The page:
Our cognitive fates are not sealed – that was a powerful message that came out yesterday from a session on developmental cognitive neuroscience at the CNS meeting in Boston. In four talks, speakers laid out new ways neuroscience findings can help children learn, even if they are experiencing challenges because of a developmental disorder or environmental factors.
“Children are born into a neurodevelopmental lottery,”said John Gabrieli of MIT, citing dyslexia, rising rates of autism and ADHD, as well as various mental diseases including depression and bipolar disorder. A growing body of work, however, is showing that neuroscience can “reveal secrets” about the brains of children that behavioral measures alone cannot – enabling researchers to better predict children’s future learning success.
Gabrieli then described two large-scale studies he and colleagues have undertaken to try to uncover these secrets and use them to help children in the real world. In one study, his team screened more than 1,400 kindergartners in 19 Boston-area schools for early reading indicators to see if they could construct a model to predict their later reading skills. Of those children, they brought 180 participants into the lab for behavioral testing combined with fMRI and EEG measurements and have been following them through 1st and 2nd grade. The researchers were specifically interested in “phenological awareness” – the ability to manipulate language sounds, such as asking the kids to say the word “bold” without using the sound “/b/.”
Using diffusion-weighted imaging, which is based on fMRI, they looked at the white matter in the brain regions associated with reading skills (the arcuate fasciculus, the inferior longitudinal fasciculus, and the superior longitudinal fasciculus). “In these pre-reading children, the volume and the micro-structures of the white matter pathway correlated quite strongly with their phenological awareness,” Gabrieli said.
In another study, Gabrieli and colleagues looked at whether schools can can influence crystallized skills – facts and figures like standard math and vocabulary – and fluid skills – things like working memory, abstract reasoning and processing speed. Looking at some 1,300 8th graders in 32 middle schools, they found that certain schools could boost testing performance on crystallized skills but not fluid skills.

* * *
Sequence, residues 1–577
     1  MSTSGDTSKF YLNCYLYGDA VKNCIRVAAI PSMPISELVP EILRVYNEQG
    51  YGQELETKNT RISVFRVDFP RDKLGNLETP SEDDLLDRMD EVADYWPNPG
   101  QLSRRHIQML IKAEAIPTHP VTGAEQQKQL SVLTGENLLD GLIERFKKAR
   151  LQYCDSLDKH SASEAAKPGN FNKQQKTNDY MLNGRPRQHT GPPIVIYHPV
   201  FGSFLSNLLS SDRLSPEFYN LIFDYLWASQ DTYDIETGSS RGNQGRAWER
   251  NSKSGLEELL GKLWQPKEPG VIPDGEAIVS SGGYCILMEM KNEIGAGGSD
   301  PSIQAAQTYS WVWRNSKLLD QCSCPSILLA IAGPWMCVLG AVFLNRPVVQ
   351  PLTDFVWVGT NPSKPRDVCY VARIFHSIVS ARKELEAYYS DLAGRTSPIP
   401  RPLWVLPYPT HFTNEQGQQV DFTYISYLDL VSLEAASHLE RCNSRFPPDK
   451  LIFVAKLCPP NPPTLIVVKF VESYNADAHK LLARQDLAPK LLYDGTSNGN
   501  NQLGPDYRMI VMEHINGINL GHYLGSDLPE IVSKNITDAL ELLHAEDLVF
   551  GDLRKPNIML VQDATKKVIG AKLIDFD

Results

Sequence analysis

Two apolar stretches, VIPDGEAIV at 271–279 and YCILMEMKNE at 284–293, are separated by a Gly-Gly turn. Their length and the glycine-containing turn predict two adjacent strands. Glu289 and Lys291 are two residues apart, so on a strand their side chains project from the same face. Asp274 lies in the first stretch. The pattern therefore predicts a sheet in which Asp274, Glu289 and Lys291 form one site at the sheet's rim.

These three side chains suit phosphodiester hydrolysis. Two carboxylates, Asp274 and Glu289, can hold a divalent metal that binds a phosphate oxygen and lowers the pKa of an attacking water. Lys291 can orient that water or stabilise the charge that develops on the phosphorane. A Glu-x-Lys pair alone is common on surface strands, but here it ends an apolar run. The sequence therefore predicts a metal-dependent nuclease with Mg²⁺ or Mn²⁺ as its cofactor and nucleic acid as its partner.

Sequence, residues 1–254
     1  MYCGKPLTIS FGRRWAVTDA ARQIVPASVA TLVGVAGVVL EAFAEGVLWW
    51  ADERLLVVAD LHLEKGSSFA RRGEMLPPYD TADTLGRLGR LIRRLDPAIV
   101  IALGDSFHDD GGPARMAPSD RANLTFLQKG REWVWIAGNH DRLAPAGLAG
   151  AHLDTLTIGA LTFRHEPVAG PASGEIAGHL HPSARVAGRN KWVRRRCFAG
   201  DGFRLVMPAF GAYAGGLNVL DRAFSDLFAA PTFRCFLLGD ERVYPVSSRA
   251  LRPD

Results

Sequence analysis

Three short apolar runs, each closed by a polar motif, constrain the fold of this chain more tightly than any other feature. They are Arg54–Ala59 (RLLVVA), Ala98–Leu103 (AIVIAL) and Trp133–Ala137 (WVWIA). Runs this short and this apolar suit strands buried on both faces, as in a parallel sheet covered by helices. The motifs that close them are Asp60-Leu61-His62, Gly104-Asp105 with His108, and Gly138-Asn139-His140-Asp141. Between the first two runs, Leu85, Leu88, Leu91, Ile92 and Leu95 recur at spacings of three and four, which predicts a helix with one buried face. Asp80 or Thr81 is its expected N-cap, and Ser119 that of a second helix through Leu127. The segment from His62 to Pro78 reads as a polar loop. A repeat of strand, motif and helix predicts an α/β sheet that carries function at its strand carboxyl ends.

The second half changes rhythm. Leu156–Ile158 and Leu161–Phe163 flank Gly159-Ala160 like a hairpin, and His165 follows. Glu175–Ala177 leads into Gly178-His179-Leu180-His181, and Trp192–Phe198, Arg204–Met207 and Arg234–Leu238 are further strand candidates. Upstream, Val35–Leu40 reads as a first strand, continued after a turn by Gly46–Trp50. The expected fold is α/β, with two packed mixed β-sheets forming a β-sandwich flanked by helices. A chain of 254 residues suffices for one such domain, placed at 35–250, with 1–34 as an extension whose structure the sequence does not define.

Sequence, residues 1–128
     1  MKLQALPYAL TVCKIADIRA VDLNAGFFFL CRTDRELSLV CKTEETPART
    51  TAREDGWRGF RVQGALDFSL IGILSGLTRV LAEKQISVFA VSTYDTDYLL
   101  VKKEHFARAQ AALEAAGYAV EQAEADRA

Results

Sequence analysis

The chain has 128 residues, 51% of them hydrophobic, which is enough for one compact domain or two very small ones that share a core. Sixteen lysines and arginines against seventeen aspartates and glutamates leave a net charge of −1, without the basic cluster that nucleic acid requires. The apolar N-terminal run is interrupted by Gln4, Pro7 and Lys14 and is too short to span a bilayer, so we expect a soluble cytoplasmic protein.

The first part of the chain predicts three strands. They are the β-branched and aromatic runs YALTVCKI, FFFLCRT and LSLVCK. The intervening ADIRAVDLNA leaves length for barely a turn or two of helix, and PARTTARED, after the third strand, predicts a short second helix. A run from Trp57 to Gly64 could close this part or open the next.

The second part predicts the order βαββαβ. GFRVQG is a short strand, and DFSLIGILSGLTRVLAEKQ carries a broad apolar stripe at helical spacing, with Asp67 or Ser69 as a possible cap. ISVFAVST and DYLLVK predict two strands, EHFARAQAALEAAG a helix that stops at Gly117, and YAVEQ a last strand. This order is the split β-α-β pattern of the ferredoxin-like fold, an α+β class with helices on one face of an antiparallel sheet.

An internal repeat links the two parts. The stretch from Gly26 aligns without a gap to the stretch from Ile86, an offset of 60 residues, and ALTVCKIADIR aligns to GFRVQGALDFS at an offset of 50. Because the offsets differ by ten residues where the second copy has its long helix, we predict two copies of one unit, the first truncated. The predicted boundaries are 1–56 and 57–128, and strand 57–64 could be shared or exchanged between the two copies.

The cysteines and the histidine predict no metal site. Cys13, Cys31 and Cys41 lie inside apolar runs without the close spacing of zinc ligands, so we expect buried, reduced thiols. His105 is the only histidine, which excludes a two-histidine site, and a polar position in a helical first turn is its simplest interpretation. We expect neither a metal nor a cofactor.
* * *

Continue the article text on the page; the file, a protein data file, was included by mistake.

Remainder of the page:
In a follow-up new study, the researchers focused on charter schools, which accept children based on a lottery system. This way they could look at two random groups – those who got into the charter school or did not – to compare brain structures and standardized test scores. They found again that those who got into the charter schools had bigger gains in crystallized skills than those who did not.
In a small sample of children who came in for further testing, including a working-memory test, the researchers found a correlation between children with greater cortical thickness and higher standardized test scores. They also found a correlation between children’s socioeconomic status – indicated by those who receive free lunches – and cortical thickness.
So some schools, including charter schools, can really make an impact on crystallized skills and test scores – which have been linked to future success on SAT scores, AP scores, and eventually higher education and income.
“We know that many abilities and disabilities of all kinds, cognitive and emotional, are rooted in early child development, and we hope that the combination of careful behavioral, brain, and perhaps genetic measures will promote early interventions that promote long-term success and happiness in children,” Gabrieli told CNS.
The effects of poverty on children’s brains
Beyond the impact of child’ school or a particular developmental disorder, environmental factors have a big influence on children’s brains. Researchers are finding that day-to-day parenting decisions and exposure to adverse situations (discussed in detail by Margaret Sheridan of Boston’s Children Hospital) affect cognitive development.
Oftentimes, these environmental factors come down to socioeconomic status. Martha Farah of the University of Pennsylvania started by addressing the question of why neuroscientists should look at childhood poverty: “Understanding human behavior is hard – you need all the sources of understanding you can get,” she said.